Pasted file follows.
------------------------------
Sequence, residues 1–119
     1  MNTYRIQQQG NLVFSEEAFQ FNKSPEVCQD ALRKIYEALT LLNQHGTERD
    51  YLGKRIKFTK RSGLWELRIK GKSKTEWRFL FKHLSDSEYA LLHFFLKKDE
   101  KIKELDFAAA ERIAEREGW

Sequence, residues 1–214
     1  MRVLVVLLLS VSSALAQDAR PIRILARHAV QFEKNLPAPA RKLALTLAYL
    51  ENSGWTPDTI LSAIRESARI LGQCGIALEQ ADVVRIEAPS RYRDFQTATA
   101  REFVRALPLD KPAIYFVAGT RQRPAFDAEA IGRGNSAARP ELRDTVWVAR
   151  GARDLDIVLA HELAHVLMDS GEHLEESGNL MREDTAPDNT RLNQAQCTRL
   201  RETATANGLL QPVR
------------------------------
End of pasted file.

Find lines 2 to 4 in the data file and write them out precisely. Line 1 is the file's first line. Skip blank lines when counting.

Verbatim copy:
     1  MNTYRIQQQG NLVFSEEAFQ FNKSPEVCQD ALRKIYEALT LLNQHGTERD
    51  YLGKRIKFTK RSGLWELRIK GKSKTEWRFL FKHLSDSEYA LLHFFLKKDE
   101  KIKELDFAAA ERIAEREGW